It seems fitting that my year of prolific traveling ended with an itinerant holiday. We left two days before Christmas to fly back to Chicago to spend the holiday with Mr. Spy’s family. Unfortunately, a few days before, I had come home sick from work. I was not only coughing a lot, but I had severe laryngitis. This made for some complicated family gatherings. The day after Christmas, we flew to New Mexico to visit my mom and dad. I was sad to miss out on an opportunity to hike in the mountains, but it was a peaceful place to recuperate. I still don’t have my voice back, but I seem to be on the mend.
We returned on Sunday evening and all slept in, aided by the time change. And it’s nice to be home. It’s an important thing in a new house to go away for a while and come back. That’s really how you know where you live. Yesterday morning, AJ and I made the rounds of the neighborhood for New Year’s preparations. Our first stop was the wine shop, where someone helped me find a delicious bottle of sparkling Loire Valley wine to go with the last bottle of Lambrusco I could find on the shelf.
Next stop was Union Market, one of many gourmet grocers in the area, and the one with the best meat counter. I’d tried to order a ham — a New Year’s Day tradition — but had somehow screwed something up. I stood in the long line at the counter without much hope, but after wrapping up my New Year’s Eve salmon in brown paper, the grocer found the very last ham for me. “It’s your lucky day, darlin’” he said in his Irish lilt as he wrapped it up and knocked $3/lb. off the price because it was bigger than I wanted. “Happy New Year!”
The last stop was our regular grocer, the one that we refer to as “Food Panther.” We rounded up the rest of our groceries, chatted with the woman behind us in line at the check out who’d been in front of us in line at Union Market, and said Happy New Year to our cashier. We walked up the hill hope with our purchases feeling like a holiday.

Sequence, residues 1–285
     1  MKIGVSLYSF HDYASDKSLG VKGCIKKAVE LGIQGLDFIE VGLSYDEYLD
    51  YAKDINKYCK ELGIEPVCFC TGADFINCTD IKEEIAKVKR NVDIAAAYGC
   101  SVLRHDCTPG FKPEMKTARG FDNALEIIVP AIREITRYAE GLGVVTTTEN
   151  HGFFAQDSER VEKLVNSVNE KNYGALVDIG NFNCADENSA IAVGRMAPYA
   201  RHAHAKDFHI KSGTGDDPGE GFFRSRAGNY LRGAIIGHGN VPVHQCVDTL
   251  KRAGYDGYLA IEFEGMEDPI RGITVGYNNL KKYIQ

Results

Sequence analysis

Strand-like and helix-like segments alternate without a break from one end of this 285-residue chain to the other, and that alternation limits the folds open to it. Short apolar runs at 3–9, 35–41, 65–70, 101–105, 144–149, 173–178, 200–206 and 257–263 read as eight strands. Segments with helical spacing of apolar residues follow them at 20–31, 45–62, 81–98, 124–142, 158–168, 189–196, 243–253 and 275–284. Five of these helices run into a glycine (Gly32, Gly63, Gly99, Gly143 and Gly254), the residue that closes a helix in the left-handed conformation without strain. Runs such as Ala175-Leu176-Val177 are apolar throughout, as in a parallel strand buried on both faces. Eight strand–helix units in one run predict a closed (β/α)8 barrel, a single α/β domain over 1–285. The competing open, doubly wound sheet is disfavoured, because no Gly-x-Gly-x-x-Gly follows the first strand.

In the afternoon, AJ finished the second book of the Hunger Games trilogy and was desperate to resolve the cliffhanger with book three, so we set out again. Our first stop was the small bookshop that recently opened up around corner from us, but they were out. We headed a few blocks down the road and one block down the hill to the big chain bookstore outpost, but they were out too. we kept walking another few blocks to my very favorite neighborhood bookstore. They had what we were looking for and also a cat for us to pet. And it turned out I’ve bought so many books there in the last four months, that I had a $10 coupon waiting for me. “Happy New Year to you!” said the girl who rang us up. And, in response to my rasping voice, “I hope you’re feeling better soon. Have a cup of tea!”
AJ and I walked home discussing our good fortune in being able to walk to three different bookstores from home. This is an excellent quality in a neighborhood. We also discussed the irony of how moving to an enormous metropolis gives us shopping on a more human scale, where we talk to the people we do business with and can walk where we need to go. Halfway home, AJ said, “Can we turn left here? I like walking by the park.” I agreed and we headed two blocks uphill to the park, just as the sun was starting to set. Many runners and dog walkers were out. Park workers were setting up lights for the 5K set for just before midnight. It was peaceful. “I like our neighborhood,” said AJ. “Are you glad to be back in Brooklyn?” “Yes. I missed it.” “Me too.”
In the evening, I made a big pot of spaghetti, which AJ ate with butter and we ate tossed with caviar and topped with salmon poached in white wine with shallots and carmelized lemon. We watched a Marx Brothers movie together — a New Year’s Eve tradition — and tried to stay awake. AJ conked out at 20 to midnight. I tucked him in while Mr. Spy poured us champagne. We bundled up and went up to the roof. Across the neighborhood, in the dark, we could see shadows of others on their roofs. It was a crisp, cold night and the lights of Manhattan twinkled. Just before midnight, we could hear the whole neighborhood counting down. Mr. Spy said, “Happy New Year!” and kissed me at the exact moment this happened:
The close-in fireworks were set off over the adjacent park and were near enough that we could smell the gunpowder. The farther away ones were right over the Statue of Liberty’s head. We could also see displays off of lower Manhattan and near the Brooklyn Bridge. It was spectacular. The Statue of Liberty display ended last. The lights stopped long before the sounds, which took a while to roll toward us. When it stopped, there was an eerier sound that grew and grew — all the ships in the river were blowing their horns, a magnificent noise and surely an omen for a magnificent year.